“Your father, who has insane fits, trusts Sir August Milverton. I cannot imagine why that would give you pause,” Sherringford said, definitely being sarcastic now. “He’s above your station, not of your faith and at least two decades older.”

“Just what I said.” A nice summary of her own misgivings, though Sherringford’s “above your station” rankled. “You know the man?”

“Only by reputation, which is quite mixed. So he wants you as his long-awaited wife? Well, that is fascinating.”

“I thought so,” she said, echoing his bland voice.

Sherringford smiled thinly. “And what does Sir August Milverton say about the reasons for his offer?”

“According to my father, he says he cares deeply for me.” She blushed.

“And you think he’s not infatuated with you? That’s not so outside the realm of possibility, Miss Krieger. You are an arresting creature, you know.”

What did he mean by that? She cleared her throat. “I know my limits, Mr. Sherringford. I’m not displeasing to the eye, but neither am I beautiful enough to make Sir August behave so rashly. I am no Helen of Troy, no prize. I’m not worth the difficulties inherent in marrying so far out of his class.”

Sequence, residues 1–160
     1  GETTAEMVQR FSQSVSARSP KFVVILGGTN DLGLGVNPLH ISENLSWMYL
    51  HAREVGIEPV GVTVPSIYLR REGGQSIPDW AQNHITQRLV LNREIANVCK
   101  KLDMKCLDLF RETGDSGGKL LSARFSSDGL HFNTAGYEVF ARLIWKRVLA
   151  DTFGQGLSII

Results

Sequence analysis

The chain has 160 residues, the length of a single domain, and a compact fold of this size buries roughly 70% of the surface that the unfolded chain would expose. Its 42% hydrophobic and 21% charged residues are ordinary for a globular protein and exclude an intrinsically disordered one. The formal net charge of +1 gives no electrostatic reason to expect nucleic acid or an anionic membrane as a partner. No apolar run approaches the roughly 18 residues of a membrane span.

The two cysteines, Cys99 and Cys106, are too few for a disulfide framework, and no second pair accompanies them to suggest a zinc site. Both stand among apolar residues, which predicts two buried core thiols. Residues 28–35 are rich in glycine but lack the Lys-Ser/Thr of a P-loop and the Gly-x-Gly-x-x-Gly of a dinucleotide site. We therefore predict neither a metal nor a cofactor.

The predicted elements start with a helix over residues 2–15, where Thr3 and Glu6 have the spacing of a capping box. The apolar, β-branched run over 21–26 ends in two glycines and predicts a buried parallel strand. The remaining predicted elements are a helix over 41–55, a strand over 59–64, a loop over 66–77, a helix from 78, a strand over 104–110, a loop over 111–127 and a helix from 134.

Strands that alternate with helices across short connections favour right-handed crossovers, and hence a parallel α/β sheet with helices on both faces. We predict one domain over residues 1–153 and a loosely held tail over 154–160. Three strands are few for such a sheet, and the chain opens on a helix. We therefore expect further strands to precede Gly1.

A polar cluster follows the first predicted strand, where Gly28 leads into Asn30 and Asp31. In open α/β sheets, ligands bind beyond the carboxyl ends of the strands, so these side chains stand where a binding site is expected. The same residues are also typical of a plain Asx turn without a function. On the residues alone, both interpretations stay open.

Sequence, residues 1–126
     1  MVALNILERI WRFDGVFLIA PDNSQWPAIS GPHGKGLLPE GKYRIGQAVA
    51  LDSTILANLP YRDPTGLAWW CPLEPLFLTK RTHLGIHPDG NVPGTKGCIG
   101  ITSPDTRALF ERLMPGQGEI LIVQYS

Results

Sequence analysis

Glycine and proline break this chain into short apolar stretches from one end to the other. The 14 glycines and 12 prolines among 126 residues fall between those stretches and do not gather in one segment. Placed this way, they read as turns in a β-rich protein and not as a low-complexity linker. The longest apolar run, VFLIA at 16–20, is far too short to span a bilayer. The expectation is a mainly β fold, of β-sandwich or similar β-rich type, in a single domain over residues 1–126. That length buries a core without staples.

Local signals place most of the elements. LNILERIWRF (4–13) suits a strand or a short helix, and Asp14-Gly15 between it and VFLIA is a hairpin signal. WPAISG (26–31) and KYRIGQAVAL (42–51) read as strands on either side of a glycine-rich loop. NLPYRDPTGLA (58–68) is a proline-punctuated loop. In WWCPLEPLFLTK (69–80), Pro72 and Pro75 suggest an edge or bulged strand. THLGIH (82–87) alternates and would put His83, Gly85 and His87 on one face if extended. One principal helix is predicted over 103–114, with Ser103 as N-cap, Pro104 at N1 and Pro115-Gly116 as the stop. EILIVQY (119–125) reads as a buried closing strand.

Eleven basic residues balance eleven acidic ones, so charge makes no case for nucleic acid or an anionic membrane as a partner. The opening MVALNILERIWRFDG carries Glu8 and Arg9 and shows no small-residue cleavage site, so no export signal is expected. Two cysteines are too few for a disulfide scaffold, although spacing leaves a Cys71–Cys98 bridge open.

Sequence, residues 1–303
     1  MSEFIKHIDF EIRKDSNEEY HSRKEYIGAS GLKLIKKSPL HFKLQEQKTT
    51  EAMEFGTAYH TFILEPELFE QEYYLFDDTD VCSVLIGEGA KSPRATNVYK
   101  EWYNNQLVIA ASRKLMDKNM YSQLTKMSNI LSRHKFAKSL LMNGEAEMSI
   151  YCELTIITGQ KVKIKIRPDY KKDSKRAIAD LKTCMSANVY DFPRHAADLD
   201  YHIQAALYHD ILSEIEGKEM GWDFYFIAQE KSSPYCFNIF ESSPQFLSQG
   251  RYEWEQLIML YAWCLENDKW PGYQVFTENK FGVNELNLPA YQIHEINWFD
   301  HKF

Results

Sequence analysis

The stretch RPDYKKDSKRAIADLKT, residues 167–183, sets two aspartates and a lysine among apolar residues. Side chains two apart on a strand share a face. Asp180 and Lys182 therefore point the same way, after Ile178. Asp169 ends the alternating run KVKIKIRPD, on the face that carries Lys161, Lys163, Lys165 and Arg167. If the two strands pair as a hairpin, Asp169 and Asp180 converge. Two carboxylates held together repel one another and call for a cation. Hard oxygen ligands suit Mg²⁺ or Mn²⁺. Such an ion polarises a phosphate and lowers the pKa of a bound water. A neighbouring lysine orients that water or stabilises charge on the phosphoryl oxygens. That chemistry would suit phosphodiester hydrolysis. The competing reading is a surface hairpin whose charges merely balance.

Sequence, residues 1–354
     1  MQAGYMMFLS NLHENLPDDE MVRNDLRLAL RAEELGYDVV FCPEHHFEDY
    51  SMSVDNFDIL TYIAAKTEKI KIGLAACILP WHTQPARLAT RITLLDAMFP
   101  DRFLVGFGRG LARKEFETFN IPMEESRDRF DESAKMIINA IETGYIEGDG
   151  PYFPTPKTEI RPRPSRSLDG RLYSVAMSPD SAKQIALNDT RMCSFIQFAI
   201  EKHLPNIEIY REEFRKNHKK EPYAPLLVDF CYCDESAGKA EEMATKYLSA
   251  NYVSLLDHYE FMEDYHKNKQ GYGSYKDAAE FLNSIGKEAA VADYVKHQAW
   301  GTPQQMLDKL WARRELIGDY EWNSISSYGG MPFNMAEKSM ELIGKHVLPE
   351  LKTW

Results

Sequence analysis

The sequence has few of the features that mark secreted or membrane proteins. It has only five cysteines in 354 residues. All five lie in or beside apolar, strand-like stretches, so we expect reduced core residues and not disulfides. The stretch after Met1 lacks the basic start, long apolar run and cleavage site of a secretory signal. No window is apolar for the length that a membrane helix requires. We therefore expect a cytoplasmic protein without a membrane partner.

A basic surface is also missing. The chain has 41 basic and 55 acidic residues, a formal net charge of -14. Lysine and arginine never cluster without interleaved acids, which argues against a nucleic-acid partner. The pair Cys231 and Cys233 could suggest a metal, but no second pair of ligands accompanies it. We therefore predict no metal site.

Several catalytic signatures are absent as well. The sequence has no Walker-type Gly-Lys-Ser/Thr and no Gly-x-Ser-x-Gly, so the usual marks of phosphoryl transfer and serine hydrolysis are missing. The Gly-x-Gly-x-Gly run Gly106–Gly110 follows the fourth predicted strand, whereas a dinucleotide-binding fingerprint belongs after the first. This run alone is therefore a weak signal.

“I would not be so sure. Your assets may be hidden among coal but there is a diamond there.”

“What does that mean?”

Sherringford made another noise at the back of his throat and waved his hand at her again. “Let’s just say you certainly are not without quantifiable assets, Miss Joan Krieger. Still, your point is that you feel Milverton has hidden motives?”

“He must.” She closed her hand around the pendant again. “When I expressed my fears to my mother, she said while she preferred me to marry a man of our faith, she believed this could be a good situation. I would always have a home, and my children would have rank and education. She implied I was simply concerned about the expectations of the marriage bed.” Joan stared at the floor. “She said that was a natural worry, especially given Milverton’s age, but it would be fine.”

“Was your mother correct? Is that your main objection?”